Gasoline coupon cost in Italy to increase by $4
August 31, 2006
The price Americans pay for gasoline coupons in Italy is climbing by 15 cents per gallon in September, pushing the price to $3.34 a gallon of unleaded fuel.
The Navy sets the prices in Italy for gasoline, which can only be purchased at discount rates by using the coupons. Multiple attempts to contact the office in Naples that runs the program Wednesday were unsuccessful.
But Mike Brennan, the Army and Air Force Exchange Service general manager for Italy, confirmed the new prices that go into effect Friday. The price of a coupon booklet of 100 liters of unleaded (often labeled sensa piamba) at Italian stations will cost $88, a jump of $4 from August.
AAFES and the Navy Exchange act as distributors for the coupon program.
The increase follows a $5 increase in August, after prices in July had remained unchanged from June.
Prices in the AAFES-run program in Germany are rising slightly, to $3.16 a gallon, in September. The prices in Italy are higher than any of those announced for Germany, the Netherlands, United Kingdom, the Azores and Turkey.
The price for 100 liters of diesel fuel in Italy will also cost $88. That’s an increase of $1 per 100 liters from July.
Both prices are still considerably less than Italians pay at the pump. The price of unleaded fuel at an Agip station near Aviano Air Base was listed at 1.348 euros Wednesday afternoon. That translates to about $6.73 a gallon.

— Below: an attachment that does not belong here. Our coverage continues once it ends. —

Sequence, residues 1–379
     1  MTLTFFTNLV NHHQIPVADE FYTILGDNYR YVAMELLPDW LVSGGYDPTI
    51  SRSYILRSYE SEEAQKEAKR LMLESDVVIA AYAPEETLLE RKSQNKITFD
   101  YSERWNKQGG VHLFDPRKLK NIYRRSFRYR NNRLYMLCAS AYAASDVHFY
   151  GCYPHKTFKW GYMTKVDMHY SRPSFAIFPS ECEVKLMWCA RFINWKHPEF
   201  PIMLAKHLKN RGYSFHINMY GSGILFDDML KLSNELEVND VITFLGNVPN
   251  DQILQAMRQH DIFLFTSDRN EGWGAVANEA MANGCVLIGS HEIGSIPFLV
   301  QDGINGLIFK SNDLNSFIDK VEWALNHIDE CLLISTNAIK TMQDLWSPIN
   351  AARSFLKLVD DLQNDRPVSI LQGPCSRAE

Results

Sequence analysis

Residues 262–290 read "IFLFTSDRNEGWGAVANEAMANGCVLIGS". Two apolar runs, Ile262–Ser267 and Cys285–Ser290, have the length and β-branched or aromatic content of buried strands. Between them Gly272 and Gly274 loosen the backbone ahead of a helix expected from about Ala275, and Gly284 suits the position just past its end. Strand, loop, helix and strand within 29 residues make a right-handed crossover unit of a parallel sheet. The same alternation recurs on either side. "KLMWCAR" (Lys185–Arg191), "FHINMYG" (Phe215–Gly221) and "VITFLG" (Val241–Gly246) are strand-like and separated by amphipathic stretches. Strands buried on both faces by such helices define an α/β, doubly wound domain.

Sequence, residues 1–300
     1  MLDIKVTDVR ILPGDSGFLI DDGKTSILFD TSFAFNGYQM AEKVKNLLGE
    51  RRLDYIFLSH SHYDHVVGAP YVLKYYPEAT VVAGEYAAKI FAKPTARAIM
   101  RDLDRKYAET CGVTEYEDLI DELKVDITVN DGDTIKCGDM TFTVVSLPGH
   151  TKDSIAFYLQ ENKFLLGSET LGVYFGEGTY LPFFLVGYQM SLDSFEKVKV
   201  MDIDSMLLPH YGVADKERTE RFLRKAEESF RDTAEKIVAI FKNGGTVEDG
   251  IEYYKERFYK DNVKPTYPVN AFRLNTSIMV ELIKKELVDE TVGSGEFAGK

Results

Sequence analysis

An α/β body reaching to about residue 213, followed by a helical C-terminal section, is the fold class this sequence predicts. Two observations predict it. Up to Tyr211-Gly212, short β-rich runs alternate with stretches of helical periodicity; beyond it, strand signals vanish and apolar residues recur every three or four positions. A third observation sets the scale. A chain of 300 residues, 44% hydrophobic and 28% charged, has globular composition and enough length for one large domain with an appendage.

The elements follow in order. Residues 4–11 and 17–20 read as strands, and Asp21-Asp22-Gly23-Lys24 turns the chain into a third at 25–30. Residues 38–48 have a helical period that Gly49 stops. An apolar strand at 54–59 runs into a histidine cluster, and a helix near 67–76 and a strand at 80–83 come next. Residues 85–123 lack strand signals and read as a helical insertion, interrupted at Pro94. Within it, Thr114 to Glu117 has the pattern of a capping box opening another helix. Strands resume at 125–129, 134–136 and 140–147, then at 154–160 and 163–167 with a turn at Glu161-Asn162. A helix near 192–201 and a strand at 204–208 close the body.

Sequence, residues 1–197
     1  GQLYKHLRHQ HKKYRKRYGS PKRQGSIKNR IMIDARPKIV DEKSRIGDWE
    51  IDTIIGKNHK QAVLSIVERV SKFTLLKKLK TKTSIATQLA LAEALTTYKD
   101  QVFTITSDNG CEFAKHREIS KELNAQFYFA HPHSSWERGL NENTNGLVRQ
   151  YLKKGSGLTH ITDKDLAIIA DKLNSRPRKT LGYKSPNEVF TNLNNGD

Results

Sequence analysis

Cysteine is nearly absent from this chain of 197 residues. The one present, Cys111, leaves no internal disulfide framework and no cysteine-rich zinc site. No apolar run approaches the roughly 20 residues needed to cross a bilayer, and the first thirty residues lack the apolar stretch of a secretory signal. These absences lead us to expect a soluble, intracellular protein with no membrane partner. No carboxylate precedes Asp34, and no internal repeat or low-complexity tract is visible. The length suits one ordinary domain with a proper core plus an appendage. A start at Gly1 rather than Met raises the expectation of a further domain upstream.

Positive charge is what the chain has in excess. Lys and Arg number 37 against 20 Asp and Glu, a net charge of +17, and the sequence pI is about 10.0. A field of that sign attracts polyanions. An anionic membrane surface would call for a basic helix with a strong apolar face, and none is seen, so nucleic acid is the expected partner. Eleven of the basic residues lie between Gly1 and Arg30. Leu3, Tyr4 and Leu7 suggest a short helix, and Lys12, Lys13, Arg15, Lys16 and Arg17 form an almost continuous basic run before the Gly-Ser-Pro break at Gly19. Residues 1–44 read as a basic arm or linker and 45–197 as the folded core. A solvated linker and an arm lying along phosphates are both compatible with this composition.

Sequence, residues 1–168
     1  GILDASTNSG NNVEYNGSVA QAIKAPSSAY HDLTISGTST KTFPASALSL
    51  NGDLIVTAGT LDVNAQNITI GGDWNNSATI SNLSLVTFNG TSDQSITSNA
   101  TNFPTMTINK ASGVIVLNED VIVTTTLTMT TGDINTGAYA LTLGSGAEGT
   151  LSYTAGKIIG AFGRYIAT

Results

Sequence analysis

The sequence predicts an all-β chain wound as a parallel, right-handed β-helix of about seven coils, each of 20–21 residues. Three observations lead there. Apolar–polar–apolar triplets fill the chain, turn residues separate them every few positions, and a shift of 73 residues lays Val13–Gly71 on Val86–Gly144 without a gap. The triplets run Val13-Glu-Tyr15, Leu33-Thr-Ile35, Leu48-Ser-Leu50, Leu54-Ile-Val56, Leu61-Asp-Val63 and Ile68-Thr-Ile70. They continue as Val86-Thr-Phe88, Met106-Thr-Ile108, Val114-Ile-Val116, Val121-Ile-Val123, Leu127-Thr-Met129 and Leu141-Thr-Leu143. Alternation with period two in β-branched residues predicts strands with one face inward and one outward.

That didn’t provide a lot of solace for Staff Sgt. Jonathan Reynolds, whose large family was piled in his Chevy Suburban.
“I’m not thrilled about it,” he said, when told about the higher prices. It took 90 liters to fill the tank on his vehicle. With the new prices, that would cost $79.20.
Senior Airman David Quintana was a bit more philosophical.
“It’s gasoline,” he said. “You’ve got to buy it, right?”
Most Americans are limited to 200 or 300 liters per car a month, depending on the size of their engines. So those who have to buy coupons in September to get gasoline will be out an extra $8 or $12.
Coupons bought in September — and the rest of 2006 — technically expire at the end of the month. Those purchased beginning in October will be good for the next year. Brennan said customers could receive refunds on the coupons they currently have until January.
Agip and Esso stations that accept such coupons might not accept them past the Sept. 30 expiration date, though.